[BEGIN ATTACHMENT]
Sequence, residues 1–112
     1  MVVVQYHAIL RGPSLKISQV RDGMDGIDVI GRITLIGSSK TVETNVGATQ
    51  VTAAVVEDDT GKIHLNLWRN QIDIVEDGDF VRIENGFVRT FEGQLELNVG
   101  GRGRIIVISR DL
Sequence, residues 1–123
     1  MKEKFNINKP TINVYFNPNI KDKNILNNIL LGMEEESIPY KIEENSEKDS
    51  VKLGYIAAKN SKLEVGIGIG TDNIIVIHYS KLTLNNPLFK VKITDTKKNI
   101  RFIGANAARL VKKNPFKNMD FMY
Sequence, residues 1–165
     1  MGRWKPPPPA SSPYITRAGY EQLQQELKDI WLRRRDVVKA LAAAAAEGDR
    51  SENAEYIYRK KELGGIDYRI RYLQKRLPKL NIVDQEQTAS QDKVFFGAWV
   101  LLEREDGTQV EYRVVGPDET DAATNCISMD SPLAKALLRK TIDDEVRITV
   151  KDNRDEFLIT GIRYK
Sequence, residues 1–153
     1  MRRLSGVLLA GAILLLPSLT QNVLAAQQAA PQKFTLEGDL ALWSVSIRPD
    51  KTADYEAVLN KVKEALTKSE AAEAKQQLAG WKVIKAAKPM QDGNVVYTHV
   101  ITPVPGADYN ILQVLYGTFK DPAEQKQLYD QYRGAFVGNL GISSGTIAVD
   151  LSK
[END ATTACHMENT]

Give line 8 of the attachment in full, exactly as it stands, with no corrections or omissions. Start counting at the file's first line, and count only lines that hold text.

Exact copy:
   101  RFIGANAARL VKKNPFKNMD FMY